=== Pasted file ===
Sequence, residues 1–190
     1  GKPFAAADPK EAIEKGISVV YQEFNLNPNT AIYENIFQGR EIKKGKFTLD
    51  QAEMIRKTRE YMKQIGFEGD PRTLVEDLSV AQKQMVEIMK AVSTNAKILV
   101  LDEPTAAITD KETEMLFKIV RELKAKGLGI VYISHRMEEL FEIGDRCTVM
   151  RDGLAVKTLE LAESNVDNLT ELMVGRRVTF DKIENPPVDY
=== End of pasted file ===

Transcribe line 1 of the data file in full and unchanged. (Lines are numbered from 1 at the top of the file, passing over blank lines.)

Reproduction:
Sequence, residues 1–190